More than two months later, the BP oil spill is still flowing -- and still providing a case study in the limits of advertising during a true crisis.
We won't delve into BP's attempts at advertising and its own struggles; enough has been written about that already. We will say this: While its PR efforts have been about as successful as its attempts to cap the well, what advertising the company has released has been restrained and as adequate as such things can be.
But what about others affected -- directly or indirectly -- by the spill? From the start, states along the Gulf Coast have been advertising heavily -- with the help of BP money -- in an attempt to convince potential tourists that their beaches haven't been destroyed yet or that there are other things to do.
Then there was Spirit Airlines, which thought it would have some fun in promoting flights to non-gulf beach destinations by making oil-spill related jokes. "Check out the oil on our beaches," read copy referring to bikini-clad women coated in suntan oil. Many consumers weren't amused, but the airline held its ground, saying it was unfortunate that such consumers didn't understand the joke.
Perhaps the most interesting response has come from BP's competitors. With the exception of Shell Oil, they've remained mostly silent. Marketers don't want to be seen as capitalizing on a crisis -- especially amid public outrage. Still, in the marketplace, the reward goes to those willing to take a risk. And that is what Shell is doing.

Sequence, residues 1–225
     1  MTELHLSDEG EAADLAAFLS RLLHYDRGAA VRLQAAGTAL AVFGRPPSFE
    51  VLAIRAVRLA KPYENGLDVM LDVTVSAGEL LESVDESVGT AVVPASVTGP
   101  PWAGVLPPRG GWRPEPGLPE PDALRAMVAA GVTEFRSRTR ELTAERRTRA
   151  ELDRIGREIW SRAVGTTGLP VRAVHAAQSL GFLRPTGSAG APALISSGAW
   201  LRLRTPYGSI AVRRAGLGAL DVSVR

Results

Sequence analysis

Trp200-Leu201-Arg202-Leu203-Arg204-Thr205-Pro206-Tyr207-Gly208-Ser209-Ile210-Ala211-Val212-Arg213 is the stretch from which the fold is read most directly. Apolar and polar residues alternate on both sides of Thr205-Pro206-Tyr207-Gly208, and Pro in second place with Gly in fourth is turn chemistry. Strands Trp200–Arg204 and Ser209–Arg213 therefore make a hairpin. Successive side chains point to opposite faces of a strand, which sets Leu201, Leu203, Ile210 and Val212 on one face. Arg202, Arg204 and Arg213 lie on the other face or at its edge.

On the surface it might seem like a clever strategy to remind consumers of your brand name at a time when a huge competitor is most vulnerable. Consumers need to buy the product, and it might as well be yours. And it makes obvious sense to run warm, fuzzy ads about alternative energy as a rival's rig is spewing crude into the oceans.
But the majority of Shell's profits come from oil. And overpromising on alternative energy -- going beyond petroleum -- is one of many reasons BP is getting raked over the coals. A more honest approach would be to compare Shell's safety record in the Gulf of Mexico to BP's -- but that too is dangerous ground considering Shell's own record in Nigeria.
Sometimes a crisis can be so serious that advertising around it won't do anyone any good -- and can actually lead to harm. We're not sure yet, but this might be one of those times.